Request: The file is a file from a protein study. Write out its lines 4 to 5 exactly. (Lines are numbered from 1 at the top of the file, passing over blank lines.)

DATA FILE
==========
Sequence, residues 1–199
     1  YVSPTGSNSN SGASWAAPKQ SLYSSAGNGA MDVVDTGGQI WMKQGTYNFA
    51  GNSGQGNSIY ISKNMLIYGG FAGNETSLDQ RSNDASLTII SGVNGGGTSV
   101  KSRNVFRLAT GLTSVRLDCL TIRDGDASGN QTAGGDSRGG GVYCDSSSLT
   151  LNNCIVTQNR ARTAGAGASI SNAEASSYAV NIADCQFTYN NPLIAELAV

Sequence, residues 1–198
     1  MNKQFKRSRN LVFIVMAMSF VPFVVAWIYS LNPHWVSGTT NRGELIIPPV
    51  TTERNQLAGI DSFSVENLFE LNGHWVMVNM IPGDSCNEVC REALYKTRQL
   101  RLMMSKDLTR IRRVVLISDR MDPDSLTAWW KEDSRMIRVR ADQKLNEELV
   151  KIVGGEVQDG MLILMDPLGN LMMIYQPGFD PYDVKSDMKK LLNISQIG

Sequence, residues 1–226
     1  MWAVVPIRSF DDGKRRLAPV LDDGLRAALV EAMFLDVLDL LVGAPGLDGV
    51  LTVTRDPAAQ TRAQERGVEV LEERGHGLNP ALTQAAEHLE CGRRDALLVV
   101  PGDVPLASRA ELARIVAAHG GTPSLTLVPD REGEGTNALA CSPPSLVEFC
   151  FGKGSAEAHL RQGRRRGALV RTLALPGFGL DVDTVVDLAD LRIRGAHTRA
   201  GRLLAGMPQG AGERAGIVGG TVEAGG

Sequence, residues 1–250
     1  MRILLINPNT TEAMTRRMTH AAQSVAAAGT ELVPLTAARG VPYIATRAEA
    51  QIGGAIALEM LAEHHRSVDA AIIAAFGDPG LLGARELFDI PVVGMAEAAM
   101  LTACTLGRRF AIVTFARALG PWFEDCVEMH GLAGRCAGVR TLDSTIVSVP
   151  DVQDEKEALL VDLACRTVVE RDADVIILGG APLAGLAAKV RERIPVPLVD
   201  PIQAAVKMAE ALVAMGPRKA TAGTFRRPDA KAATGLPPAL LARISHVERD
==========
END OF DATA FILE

   101  KSRNVFRLAT GLTSVRLDCL TIRDGDASGN QTAGGDSRGG GVYCDSSSLT
   151  LNNCIVTQNR ARTAGAGASI SNAEASSYAV NIADCQFTYN NPLIAELAV